This Is What The South Carolina Exit Polls Reveal About GOP Voters

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Alex Pfeiffer White House Correspondent
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Exit polls show that South Carolina Republican voters were angry about government and that Donald Trump, the winner, had support across age groups and ideology.

They also showed that they were split on whether the future president should be an outsider and that a majority support a pathway to citizenship for working illegal immigrants. Here are the most interesting data points:

Only white people are voting in the Republican race: In the Palmetto State, GOP primary Saturday, 96 percent of voters were white, about the same percentage as New Hampshire and Iowa. By contrast, 41 percent of Democratic caucus-goers in Nevada were non-white voters, a group that Hillary won decisively with 56 percent of their support. More than 90 percent of Democratic voters in Iowa and New Hampshire were white.

Trump has widespread support: Rich or poor, Republican or independent, voters of all varieties favored Trump in exit polls. The New York real estate developer led with 34 percent among primary voters who self-identity as moderate, and with 32 percent among those who consider themselves conservative. He led among veterans with 35 percent of their support, and among non-veterans with 31 percent. Among born-again and evangelical Christians and those who don’t consider themselves such, Trump also led with 33 percent and 30 percent respectively. The lesson — Trump’s support runs deep.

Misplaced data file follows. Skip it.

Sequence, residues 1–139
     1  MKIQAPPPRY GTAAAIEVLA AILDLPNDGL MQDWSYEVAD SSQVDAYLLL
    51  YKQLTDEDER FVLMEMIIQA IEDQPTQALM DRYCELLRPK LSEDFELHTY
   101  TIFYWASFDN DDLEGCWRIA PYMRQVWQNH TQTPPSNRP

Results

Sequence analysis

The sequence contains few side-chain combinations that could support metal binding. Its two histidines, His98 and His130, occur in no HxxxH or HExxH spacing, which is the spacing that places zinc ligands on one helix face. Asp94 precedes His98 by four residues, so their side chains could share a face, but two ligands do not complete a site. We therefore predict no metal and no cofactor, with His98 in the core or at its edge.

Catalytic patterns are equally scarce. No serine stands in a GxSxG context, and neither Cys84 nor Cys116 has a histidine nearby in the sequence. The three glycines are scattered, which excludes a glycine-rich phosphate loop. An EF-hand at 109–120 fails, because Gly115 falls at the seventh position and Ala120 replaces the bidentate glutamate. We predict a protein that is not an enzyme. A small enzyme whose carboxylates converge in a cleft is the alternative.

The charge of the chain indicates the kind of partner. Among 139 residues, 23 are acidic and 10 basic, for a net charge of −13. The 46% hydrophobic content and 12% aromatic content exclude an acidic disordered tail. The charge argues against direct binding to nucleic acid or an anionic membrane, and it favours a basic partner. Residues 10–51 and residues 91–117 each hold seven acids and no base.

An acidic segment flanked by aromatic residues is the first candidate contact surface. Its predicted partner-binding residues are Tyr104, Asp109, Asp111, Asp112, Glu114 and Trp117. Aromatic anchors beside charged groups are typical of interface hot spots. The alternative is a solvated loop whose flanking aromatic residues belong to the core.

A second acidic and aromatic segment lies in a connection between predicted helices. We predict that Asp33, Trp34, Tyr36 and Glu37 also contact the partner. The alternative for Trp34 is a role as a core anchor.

This one group supports RubioVoters with post-graduate degrees tended to favor Rubio. He blew the other candidates out of the water with 32 percent of their support in South Carolina. In Iowa also he led with this demographic, gaining 29 percent of their support. This trend was not evident in New Hampshire. There Trump led across the board with voters without high school degrees and those with post-graduate educations. Rubio was the candidate who led in the Palmetto State among those who opposed a ban of Muslims entering the United States, gaining 33 percent support. South Carolinians, though, overwhelmingly support this ban, with 74 percent agreeing with it.

Republican voters are pissed off: In case you haven’t been paying attention so far, GOP voters are not happy with the way the government has been behaving. South Carolina exit polling shows that 92 percent of Palmetto State primary voters were angry or dissatisfied with the federal government. This has been evident throughout the race. In New Hampshire 88 percent of Republican voters felt likewise, and in Iowa, 91 percent did.

Republican voters support amnesty for illegal immigrants who have jobsAs a colleague at the Daily Caller has pointed out, a majority Republican voters support a path to citizenship for illegal immigrants. The exit poll asked specifically about “illegal immigrants working in the U.S.” Fifty-six percent of New Hampshire and 53 percent of South Carolina voters think they should be offered legal status. If the question was just about illegal aliens, not those currently holding a job, the results would most likely be different.

Voters are split about whether they want an outsider candidate:  Republican voters in all three states so far, Iowa, New Hampshire and South Carolina, have been split almost 50-50 when it comes to wanting an “outsider” or an experienced candidate. In the Palmetto State, 47 percent wanted a candidate experienced in politics, 48 percent wanted one out of the “establishment.” The results were similar in the Granite State: 44 percent wanted one experienced in politics, 50 percent wanted one out of the “establishment.” Iowa also went along with the trend: 46 percent wanted a politically experienced nominee, while 48 percent wanted a non-establishment candidate.